reviews of 1 October 2022
7261 BP RUURLO
United States Women's
Chess Champions, 1937-2020 (Paperback)
Alexey W. Root
Company,Inc.,Publishers Box 611
Jefferson,North Carolina 28640.
ISBN 10: 1476686939 / ISBN 13:
The former United States Woman's Chess Champion,Alexey W.Root examines
in this wonderful written book the careers with biographies and
games from the 60 Woman championships
which where all held between 1937 and 2020.
The included careers with biographies, plus photographs and 171
annotated games make this book a truly gift, specially with the use of
historical archives and original interviews.
Every heard of Mona May Karff?She was 1938 U.S.Woman's Champion who
learned to play chess at the age of 8 years old,loved opera,collected
art and spoke eights languages fluently,traveld the world round and
made millions in the stock market.
Or Sonja Graf? Her chess career began as a child in her native
Munich,learned chess from her father,and took lessons from the famous
Dr.Siegbert Tarrasch and went to win the Woman's Championship of
Germany.Tarrasch was so impressed by Sonja's combinative talent that he
repeatedly published examples of nice tactics from her games in his
Other famous chess players in this book are for example Irina Krush who
also did an
excellent foreword in this book Jennifer Shade and our author W.Root
who is the former United States Woman's Chess Champion 1989.
The following game won the $250 Albert highest quality game first
prize,as judged by Grandmaster Arthur Bisguier.
Belakovskaia,Anjelina (2355) - Zitserman,Tatyana (2125) [D43]
USA-ch (Women) Chandler (7), 1997
1.d4 d5 2.c4 c6 3.Nc3 Nf6 4.Nf3 e6 5.Bg5 h6 6.Bxf6 Qxf6 7.e3 Nd7 8.Qc2
g6 9.Bd3 Bg7 10.cxd5 cxd5 11.0-0 0-0 12.Rfc1 Qe7 13.Qb3 a6 14.a4 b6
15.Na2 Qd6 16.Qb4 Qb8 17.Rc2 Re8 18.Rac1 Bf8 19.Qb3 Bb7 20.a5 b5 21.Rc7
Rd8 22.h4 Bd6 23.R7c2 Nf6 24.Nb4 Ra7 25.Kf1 Kg7 26.Ke2 Nd7 27.h5 g5
28.Nc6 Bxc6 29.Rxc6 f5 30.Qc2 Rf8 31.Nd2 Nf6 32.Nb3 Nxh5 33.Rb6 Qd8
34.Qc6 Bc7 35.Nc5 Rf6 36.Nxe6+ Rxe6 37.Qxe6 Bxb6 38.axb6 Rb7 39.Rc6 Nf6
40.Bxf5 a5 41.Rd6 Qf8 42.Qc8 Qe7 43.Rc6 Ne8 44.Re6 Qf7 45.Rxe8 Rxb6
Included are nearly 6 pages references, openings index and general
Conclusion: One of those must have
ChessBase Magazine issue 209
Minimum: Pentium III 1 GHz, 1 GB RAM, Windows Vista, XP
(Service Pack 3), DirectX9 graphic card with 256 MB RAM, DVD-ROM drive,
Windows Media Player 9, ChessBase 12/Fritz 13 or included Reader and
internet connection for program activation. Recommended: PC Intel Core
i7, 2.8 GHz, 4 GB RAM, Windows 8.1 or Windows 10, DirectX10 graphic
card (or compatible) with 512 MB RAM or better
The main file on this ChessBase Magazine is good for 270 entries, and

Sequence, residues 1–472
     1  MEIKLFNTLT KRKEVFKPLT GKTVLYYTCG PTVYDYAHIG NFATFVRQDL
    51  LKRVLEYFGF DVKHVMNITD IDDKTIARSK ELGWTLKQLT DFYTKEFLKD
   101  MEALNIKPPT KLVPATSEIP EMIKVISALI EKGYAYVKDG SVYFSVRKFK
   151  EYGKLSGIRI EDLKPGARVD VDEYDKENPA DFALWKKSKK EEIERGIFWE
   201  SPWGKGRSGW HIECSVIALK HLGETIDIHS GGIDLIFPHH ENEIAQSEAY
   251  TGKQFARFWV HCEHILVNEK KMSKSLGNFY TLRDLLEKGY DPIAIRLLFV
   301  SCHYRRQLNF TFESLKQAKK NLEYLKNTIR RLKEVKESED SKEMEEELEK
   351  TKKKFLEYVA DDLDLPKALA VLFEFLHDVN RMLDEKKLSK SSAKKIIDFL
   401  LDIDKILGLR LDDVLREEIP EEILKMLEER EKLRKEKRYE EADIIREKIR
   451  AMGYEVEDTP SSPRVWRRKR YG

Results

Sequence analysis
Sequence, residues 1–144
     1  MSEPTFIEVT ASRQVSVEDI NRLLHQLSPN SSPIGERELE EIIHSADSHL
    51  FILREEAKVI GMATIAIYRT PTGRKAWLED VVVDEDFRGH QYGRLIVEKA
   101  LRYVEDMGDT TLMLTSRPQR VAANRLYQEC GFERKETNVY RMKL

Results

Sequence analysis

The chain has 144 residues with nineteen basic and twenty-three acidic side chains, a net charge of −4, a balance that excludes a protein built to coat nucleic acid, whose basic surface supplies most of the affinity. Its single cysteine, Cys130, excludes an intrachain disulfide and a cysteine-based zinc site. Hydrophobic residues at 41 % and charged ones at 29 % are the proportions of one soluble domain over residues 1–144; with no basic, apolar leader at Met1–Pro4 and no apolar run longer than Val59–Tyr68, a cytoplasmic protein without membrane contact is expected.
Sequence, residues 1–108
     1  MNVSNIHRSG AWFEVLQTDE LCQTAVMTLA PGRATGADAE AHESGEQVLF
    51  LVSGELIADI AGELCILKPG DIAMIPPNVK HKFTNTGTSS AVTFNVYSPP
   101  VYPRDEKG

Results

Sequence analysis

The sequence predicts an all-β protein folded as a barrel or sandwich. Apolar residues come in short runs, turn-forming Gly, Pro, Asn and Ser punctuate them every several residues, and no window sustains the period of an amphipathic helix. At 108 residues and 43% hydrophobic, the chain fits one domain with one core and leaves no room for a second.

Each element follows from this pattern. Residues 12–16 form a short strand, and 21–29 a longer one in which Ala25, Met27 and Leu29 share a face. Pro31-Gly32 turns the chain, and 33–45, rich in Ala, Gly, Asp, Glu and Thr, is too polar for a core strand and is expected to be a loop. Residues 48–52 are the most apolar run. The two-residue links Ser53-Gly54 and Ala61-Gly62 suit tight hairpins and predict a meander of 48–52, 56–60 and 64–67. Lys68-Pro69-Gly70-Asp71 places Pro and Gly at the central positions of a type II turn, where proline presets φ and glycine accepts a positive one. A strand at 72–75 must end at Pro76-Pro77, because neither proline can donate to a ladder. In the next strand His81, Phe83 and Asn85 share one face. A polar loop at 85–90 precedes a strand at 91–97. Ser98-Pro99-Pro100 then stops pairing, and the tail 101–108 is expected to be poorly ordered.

where a small 13 games are more than excellent analysed.
A fine example of this all is: Giri,Anish (2761) - Radjabov,Teimour
Norway Chess 10th Stavanger (5), 05.06.2022
1.e4 e5 2.Nf3 Nc6 3.Bb5 Nf6 Teimour stays true to the ever solid Berlin
defense. 4.d3 Bc5 5.c3 I suspect this came as a minor surprise, since I
usually go for other Anti-Berlins. 5...d6 Somewhat shockingly, my
opponent mixes up the move order as early as move 5. The traditional
order is 5...0-0 6.0-0 d6, but I guess Teimour suddenly got confused
with 6.Bxc6!? bxc6 7.Nxe5, which is a testing line, but Black is
supposed to be fine in complications after 7...d5. 6.d4!? Fortunately I
had refreshed my move orders before the game, as incidentally the day
before I mixed up my own against Carlsen (in a different opening, but
still). The 6.d4 is the "punisher", though objectively Black is not
really in any serious trouble yet. 6...exd4 Black has to give up the
center. The fact that this only move took Teimour quite a bit of time,
only confirmed that he indeed mixed up the order. 7.cxd4 Bb4+ 8.Bd2 The
right way to play for advantage, though 8.Kf1!? looks super tempting,
trying to win material. [8.Kf1!? When I had re-checked this before the
game, I concluded that Black is fine by force. 8...d5! Only move. 9.e5
Ne4 10.Qa4 White still appears to be winning some material, but Black
has a few way to organize counterplay, due to White's weakened king on
f1. One instructive sample line goes- 10...a5 11.Bxc6+ bxc6 12.Qxc6+
Qd7! 13.Qxa8 Qb5+ 14.Kg1 0-0 15.h3 Bb7 16.Qa7 Ra8 17.Na3 Qe2! 18.Qxb7
Qxf2+ 19.Kh2 Qg3+ With a perpetual check. All theory, as they say.]
8...Bxd2+?! While 5...d6 is merely somewhat inaccurate, the decision to
not allow the doubling of the c-pawns is already a serious mistake.
Having given up the center already, Black is not in the position to
prevent abstract threats like Bxc6 and should try to create counterplay
quickly, in order to compensate for the strategic issues, such as lack
of space in the center and potentially doubled pawns. [8...0-0 9.Bxc6
Bxd2+ 10.Nbxd2 bxc6 11.0-0 This is the critical position, where Black
has to act fast, to try to come up with some counterplay before White
gets to fully consolidate their center.] 9.Nbxd2 Bd7?! Besides that it
loses a crucial tempo, it is also the fact that the doubling of the
pawns, as bad as it is, trades a piece, which is a big relief for
Black, as he lacks space. So I am not sure he should fear it much.
10.0-0 0-0 11.Re1 This move is obvious. 11...Re8 12.h3 I decided to
prevent any Bg4 ideas, but developing the other rook with 12.Rc1 would
have been more rough. [12.Rc1! a6 13.Bd3 I may have underestimated this
retreat, but it is a good square for the bishop, guarding the e4 pawn.
13...Bg4 This is not an issue now. 14.Qb3 White has the pawns in the
center well guarded and the queen will soon step over to c3,
overprotecting the d4 pawn as well.] 12...Ne7 Transferring the knight
to g6 doesn't solve the problems. 13.Bf1 c6?! This felt very wrong.
Black isn't generating counterplay, but is weakening the d6 pawn.